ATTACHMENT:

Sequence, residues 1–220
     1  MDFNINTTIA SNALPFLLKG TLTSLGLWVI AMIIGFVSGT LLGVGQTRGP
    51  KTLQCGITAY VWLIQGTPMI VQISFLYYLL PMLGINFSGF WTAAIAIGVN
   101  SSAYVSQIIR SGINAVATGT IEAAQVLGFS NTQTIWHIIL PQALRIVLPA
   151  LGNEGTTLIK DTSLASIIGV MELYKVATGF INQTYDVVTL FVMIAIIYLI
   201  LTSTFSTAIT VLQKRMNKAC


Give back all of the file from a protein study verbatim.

Sequence, residues 1–220
     1  MDFNINTTIA SNALPFLLKG TLTSLGLWVI AMIIGFVSGT LLGVGQTRGP
    51  KTLQCGITAY VWLIQGTPMI VQISFLYYLL PMLGINFSGF WTAAIAIGVN
   101  SSAYVSQIIR SGINAVATGT IEAAQVLGFS NTQTIWHIIL PQALRIVLPA
   151  LGNEGTTLIK DTSLASIIGV MELYKVATGF INQTYDVVTL FVMIAIIYLI
   201  LTSTFSTAIT VLQKRMNKAC